Taiwan’s Foreign Minister warns what could happen if China is not stopped
Brussels has been warned against destabilising relations with China or face costly consequences as tensions between Beijing and the bloc reached boiling point this week. On Tuesday, EU Commission President Ursula von der Leyen threatened to punish “third countries” helping Russia sparking the furious reaction of Beijing, with Chinese Foreign Minister Qin Gang warning his country “will react in necessary ways”.
Speaking to Express.co.uk, Dr Helena Ivanov of the Henry Jackson Society, urged the bloc to play a “safe and well-planned game” as ramifications could be “costly” for the West.
She said: “Clearly the West and the EU specifically need to address countries that are helping Russia in any form or capacity. As the recent Henry Jackson Society report on pro-Russian sentiment in Serbia and Hungary show, there are countries across the world that are to a different degree aiding or supporting Russia.
“However, the report also shows that imposing sanctions is tricky in various ways.
“For one, they could potentially agitate and alienate the domestic audiences of the sanctioned countries – which can produce long-term problems. Second, such sanctions can also often lead to substantial destabilisation of relations with the West – which can sometimes, and in China’s case especially, be very costly for the West as well.
“In the report, we conclude that it is perhaps best to explore other options – and sometimes even consider incentives which could make cooperation with the West and cutting all ties with Russia a much better alternative.
“Whether the EU has explored and exhausted such alternative methods is yet to be seen, but in any case, it is very important for the EU to play a safe and well-planned game. Otherwise, it risks creating problems which could have both internal and external ramifications.”
With China’s top diplomat touring Europe this week, German Foreign Minister Annalena Baerbock and French Foreign Minister Catherine Colonna called on China to use its global clout to push for peace in Ukraine.
Baerbock said Europe’s stance toward China should be “not decoupling, but de-risking, because it’s about our security and freedom, too”.
Colonna urged China to use its relationship with Russia to convince the Kremlin that “Russia is in an impasse … and to return to reason.” The French minister also warned China against delivering weapons to Russia, saying “that would push things into a totally new configuration”.
Baerbock urged Beijing to explicitly name Russia as the aggressor in the war, noting that Moscow could end the conflict by withdrawing its troops.
She said: “If Ukraine stops defending itself, on the other hand, then Ukraine will cease to exist and with it, the charter of the United Nations.”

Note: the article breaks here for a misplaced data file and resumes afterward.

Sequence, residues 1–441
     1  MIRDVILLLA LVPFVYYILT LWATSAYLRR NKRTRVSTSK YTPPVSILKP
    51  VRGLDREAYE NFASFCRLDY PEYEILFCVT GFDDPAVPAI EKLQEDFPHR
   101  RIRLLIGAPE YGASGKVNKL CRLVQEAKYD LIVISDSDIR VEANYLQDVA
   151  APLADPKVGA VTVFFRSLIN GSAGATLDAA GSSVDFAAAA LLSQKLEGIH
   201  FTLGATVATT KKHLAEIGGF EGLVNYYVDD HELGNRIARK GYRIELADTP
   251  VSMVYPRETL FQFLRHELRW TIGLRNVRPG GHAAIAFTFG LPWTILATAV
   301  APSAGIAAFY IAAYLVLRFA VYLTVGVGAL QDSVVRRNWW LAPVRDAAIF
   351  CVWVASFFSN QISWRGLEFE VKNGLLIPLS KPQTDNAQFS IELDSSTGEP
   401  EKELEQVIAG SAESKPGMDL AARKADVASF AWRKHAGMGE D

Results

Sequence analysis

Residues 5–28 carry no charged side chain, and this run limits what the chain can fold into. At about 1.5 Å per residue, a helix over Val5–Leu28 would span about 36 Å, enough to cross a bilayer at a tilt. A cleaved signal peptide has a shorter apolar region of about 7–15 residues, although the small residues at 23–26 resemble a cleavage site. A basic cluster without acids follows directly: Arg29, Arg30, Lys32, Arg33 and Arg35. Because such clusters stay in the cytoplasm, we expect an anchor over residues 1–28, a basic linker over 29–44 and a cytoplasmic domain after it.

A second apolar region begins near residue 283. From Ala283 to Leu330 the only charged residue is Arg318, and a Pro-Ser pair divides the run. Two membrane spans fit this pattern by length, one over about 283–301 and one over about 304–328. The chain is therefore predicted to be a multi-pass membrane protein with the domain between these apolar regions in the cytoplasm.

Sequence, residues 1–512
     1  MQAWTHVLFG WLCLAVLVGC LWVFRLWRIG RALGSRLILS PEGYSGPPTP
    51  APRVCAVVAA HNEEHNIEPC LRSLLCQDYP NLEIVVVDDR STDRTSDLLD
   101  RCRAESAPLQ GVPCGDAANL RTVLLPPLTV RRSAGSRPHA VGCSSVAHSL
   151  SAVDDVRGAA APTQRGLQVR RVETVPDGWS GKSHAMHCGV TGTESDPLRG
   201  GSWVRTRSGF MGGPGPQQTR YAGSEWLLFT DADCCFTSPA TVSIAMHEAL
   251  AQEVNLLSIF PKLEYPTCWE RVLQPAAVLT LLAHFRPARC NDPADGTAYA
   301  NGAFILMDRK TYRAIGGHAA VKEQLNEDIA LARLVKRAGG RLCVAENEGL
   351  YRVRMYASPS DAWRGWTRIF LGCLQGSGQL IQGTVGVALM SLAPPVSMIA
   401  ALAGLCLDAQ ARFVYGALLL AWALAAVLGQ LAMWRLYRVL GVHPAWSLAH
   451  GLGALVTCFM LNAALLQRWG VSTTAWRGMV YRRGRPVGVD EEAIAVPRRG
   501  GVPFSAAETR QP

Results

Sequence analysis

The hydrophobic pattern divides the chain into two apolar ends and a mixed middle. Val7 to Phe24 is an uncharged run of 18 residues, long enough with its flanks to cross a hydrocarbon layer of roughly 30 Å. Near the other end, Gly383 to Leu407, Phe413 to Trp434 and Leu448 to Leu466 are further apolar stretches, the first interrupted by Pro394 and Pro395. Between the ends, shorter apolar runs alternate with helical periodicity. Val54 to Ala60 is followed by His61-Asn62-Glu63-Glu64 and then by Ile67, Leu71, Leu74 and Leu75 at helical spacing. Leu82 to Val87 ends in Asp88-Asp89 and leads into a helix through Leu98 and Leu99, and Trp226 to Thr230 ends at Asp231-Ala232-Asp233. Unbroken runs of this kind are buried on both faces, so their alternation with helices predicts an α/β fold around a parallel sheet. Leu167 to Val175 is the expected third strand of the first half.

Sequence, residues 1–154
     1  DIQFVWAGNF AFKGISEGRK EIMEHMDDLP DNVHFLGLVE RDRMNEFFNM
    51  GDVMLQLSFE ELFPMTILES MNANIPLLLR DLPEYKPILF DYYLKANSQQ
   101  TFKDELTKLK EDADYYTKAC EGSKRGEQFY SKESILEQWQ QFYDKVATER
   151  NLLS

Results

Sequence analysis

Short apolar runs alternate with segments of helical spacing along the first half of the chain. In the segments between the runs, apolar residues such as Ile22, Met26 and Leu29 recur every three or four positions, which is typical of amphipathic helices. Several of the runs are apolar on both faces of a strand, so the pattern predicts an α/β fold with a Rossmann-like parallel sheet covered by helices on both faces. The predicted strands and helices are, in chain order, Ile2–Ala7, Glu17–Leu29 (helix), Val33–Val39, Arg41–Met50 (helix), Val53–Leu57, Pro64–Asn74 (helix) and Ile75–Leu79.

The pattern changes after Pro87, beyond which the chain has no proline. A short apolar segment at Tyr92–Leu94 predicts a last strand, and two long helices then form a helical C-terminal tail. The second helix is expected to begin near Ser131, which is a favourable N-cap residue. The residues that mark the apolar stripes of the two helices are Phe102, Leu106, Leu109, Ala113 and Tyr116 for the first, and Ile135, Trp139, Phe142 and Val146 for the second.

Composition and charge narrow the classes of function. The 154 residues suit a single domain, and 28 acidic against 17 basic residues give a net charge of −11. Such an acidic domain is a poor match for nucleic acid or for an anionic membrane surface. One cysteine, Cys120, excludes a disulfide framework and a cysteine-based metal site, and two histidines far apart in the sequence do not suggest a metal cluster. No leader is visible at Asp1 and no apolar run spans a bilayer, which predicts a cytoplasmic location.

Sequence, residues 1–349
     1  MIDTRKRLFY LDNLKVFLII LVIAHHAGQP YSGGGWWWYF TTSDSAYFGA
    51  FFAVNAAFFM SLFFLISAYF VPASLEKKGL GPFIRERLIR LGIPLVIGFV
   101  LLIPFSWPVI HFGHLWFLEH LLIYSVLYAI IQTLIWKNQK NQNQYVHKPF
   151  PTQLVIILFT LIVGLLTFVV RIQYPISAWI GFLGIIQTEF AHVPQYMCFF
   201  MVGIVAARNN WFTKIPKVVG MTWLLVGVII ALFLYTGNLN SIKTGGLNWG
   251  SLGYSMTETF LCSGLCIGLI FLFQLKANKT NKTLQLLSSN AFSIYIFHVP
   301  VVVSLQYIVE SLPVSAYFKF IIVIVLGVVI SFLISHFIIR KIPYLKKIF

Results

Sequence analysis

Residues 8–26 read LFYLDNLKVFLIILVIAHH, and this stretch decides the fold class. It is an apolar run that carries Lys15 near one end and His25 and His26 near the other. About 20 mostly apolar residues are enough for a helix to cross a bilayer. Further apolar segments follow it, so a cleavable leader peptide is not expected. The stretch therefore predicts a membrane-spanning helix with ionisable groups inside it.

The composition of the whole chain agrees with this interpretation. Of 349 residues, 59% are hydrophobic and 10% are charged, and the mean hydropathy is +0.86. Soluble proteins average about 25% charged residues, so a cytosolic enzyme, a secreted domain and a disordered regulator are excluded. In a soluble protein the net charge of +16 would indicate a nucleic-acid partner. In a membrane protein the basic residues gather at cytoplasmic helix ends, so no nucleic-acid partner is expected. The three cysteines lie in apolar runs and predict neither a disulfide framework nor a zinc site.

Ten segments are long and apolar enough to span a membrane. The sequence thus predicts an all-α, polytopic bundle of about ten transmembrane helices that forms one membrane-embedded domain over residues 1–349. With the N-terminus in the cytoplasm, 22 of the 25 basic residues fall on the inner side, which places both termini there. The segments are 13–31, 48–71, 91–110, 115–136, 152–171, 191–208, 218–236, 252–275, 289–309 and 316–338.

But Baerbock and Colonna also said it was time for Europe to decrease its economic and strategic dependency on China.
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Baerbock said Germany wants to work in partnership with China “everywhere it’s possible” but that it would be naive to ignore the risk of ending up in a position of reliance, including on security issues.
She said: “One needs to recognise that we are competitors and, sadly, increasingly also systemic rivals.”
Baerbock met with Chinese hours after EU Commission President Ursula von der Leyen also issued a thinly-veiled threat to China as she spoke from Kyiv.
She said: “We recently see a growth of highly unusual trade flows through the European Union and certain third countries. These goods then end up in Russia.”
Standing next to Ukrainian leader Volodymyr Zelensky, she did not name the countries she was referring to, but EU officials have raised concerns about certain flows of goods through China and Iran for some time.
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She said: “If we see that goods are going from the European Union to third countries and then end up in Russia, we could propose to the member states to sanction those goods.”
After meeting with Baerbock in Berlin, Qin Gang said his country has no intention of benefiting from the war in Ukraine and hopes for further discussions on a peace plan Beijing proposed earlier this year.
But he warned against EU sanctions on Beijing, adding: “China will react in necessary ways.”
He also warned Baerbock against pursuing a “de-risking” strategy, saying: “If one gets rid of China in the name of de-risking, it will become de-opportunity, de-cooperation, destabilising and de-development.”
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